Windows 8: What can it do for PC, Tablet and smartphone users, What can it do to Microsoft

Apalak Ghosh, Manager, InfoTech

Apalak Ghosh, Manager, InfoTech

Microsoft has released a new version of its flagship Windows operating system, i.e. Windows 8 tailored for a world shifting from personal computers to smartphones and tablets.

This is by far the most “radical” change for the operating system since the original Windows replaced DOS software in the early 1990s.

The software giant has gambled by changing long familiar user interface features to make Windows 8 compatible with trends toward keeping programs and data in the Internet “cloud” and relying on mobile gadgets at work and at home.

It takes Windows into the world of touch, low-powered devices, giving users the best of what we think of as a Tablet-type experience and the PC experience. It is a big step.

One might find it strange to imagine Microsoft as an underdog. But, in many ways, that is exactly what one feels while rooting for Windows 8. Microsoft, despite being a very strong player in the desktop PC market, has been, so far, found wanting in the mobile devices market. Windows 8 is its big push in that segment, where the operating system is as much about desktop as it is about mobile devices and addresses convergence.

In the context of India, such a scenario makes Microsoft and Windows 8 a cost-effective option (vis-à-vis Apple) of experiencing up-to-date touchscreen computing and communications. Here are some of the reasons to look forward to Windows 8:

New interface: One of the biggest changes in Windows 8 is its user interface. Designed for use through a variety of interfaces — keyboard, mouse and touch — the modern UI of Windows 8 is going to take some time for users to get used to. This is also something that software developers will have to factor in, while bringing out new applications. The Metro UI approach to the operating system seems to work with mobile devices such as smartphones. But whether it would appeal to Tablet and desktop PC users, only time will tell.

App Store approach: A big shift in Windows 8 is how the applications are accessed. But the real question is how many apps really exploit the Windows 8 platform, and right now the number of apps on the Windows platform is far lower less than those available on the Apple or Android app stores. Windows 8 will be available through it’s the Microsoft app store in pretty much the same way that iTunes works on iOS devices. Microsoft has been aggressively campaigning for software developers the world over to publish Apps for Windows 8. What the App Store approach means to average users, especially here in India, is there is going to be a considerable strain on broadband usage. One may have to factor this into computing costs from here on.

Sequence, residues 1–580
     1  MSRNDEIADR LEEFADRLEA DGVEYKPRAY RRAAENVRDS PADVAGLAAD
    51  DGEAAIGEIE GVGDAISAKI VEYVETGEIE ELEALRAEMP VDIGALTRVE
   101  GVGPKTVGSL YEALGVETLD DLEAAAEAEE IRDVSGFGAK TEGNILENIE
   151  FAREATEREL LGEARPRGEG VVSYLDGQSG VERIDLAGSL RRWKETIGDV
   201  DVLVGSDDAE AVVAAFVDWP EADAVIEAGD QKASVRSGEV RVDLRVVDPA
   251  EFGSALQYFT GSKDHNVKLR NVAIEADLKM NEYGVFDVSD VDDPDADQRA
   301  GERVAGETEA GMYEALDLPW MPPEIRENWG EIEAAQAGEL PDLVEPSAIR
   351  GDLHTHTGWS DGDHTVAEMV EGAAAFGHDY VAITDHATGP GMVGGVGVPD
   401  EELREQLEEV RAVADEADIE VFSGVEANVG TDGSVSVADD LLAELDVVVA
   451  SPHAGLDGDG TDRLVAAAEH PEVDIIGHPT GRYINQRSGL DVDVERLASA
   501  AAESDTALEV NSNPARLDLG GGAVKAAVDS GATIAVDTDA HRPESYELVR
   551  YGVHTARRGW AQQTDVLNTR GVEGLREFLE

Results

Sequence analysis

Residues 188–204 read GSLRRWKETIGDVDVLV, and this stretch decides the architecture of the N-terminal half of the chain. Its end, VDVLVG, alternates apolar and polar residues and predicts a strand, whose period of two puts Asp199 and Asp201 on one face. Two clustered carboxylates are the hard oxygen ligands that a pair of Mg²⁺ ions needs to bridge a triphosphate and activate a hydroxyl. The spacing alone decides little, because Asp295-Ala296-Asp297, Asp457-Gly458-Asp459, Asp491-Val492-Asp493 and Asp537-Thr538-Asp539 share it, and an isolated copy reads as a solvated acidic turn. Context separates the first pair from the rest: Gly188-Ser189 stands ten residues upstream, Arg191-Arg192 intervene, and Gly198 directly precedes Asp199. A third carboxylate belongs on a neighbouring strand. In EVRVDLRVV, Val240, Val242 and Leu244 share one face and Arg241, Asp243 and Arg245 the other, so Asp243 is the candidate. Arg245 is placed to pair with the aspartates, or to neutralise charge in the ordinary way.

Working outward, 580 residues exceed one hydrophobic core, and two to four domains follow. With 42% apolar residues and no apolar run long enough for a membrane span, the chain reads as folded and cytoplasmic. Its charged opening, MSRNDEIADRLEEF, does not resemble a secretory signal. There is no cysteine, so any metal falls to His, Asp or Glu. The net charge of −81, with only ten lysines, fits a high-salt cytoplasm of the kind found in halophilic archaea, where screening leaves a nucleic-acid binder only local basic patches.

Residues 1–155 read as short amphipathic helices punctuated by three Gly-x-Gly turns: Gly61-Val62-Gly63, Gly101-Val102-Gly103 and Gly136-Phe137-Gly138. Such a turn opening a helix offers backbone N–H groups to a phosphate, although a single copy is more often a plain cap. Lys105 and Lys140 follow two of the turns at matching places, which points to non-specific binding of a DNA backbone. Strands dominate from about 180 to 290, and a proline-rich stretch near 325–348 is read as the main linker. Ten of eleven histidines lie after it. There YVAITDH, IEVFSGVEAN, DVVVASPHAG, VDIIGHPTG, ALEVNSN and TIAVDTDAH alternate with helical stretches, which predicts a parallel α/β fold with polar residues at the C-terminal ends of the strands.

Cloud integration: Windows 8 will help users configure their cloud services right from the set-up stage. The OS is expected to give a push to Microsoft’s own SkyDrive cloud services.

Windows 8 is designed to run on PCs and Tablet computers, heralding the biggest change to the industry’s dominant operating system in at least 17 years. It also marks the first time that Microsoft has made touch screen control the top priority, though the system can still be switched into the familiar desktop mode that allows for control by keyboard and mouse. Windows 8 will support a wide range of devices, including touch- and stylus-based smartphones and Tablet PCs as well as desktop and laptop machines.

In fact, this transition brings out a very important question. Is Windows 8 innovative and elegant enough to lure consumers who are increasingly fond of smartphones, tablets and other sleek gadgets? Those mobile devices have been setting industry standards while Microsoft engineers have spent two years designing a new operating system. And Windows 8 must address not only the ongoing upheaval in the computing market, but also have the flexibility to adjust to future shifts in technology before Microsoft releases another version in two or three years.

While it is true, a lot hinges on the success of Windows 8, but Microsoft isn’t a company that is on the edge of extinction, like some people would like to think. In fact, in my opinion, what we are seeing with Windows 8 is classic Microsoft. They let the (technology) market lead and then they follow.

Windows 8 can be viewed as the catalyst for a new era at Microsoft. The idea is to ensure that the operating system plays an integral role on all the important screens in users’ lives – PCs, smartphones, Tablets and television sets.

If Microsoft gets it right, Windows 8 will prove that the world’s largest software maker still has the technological agility and marketing muscle to shape the future of computing.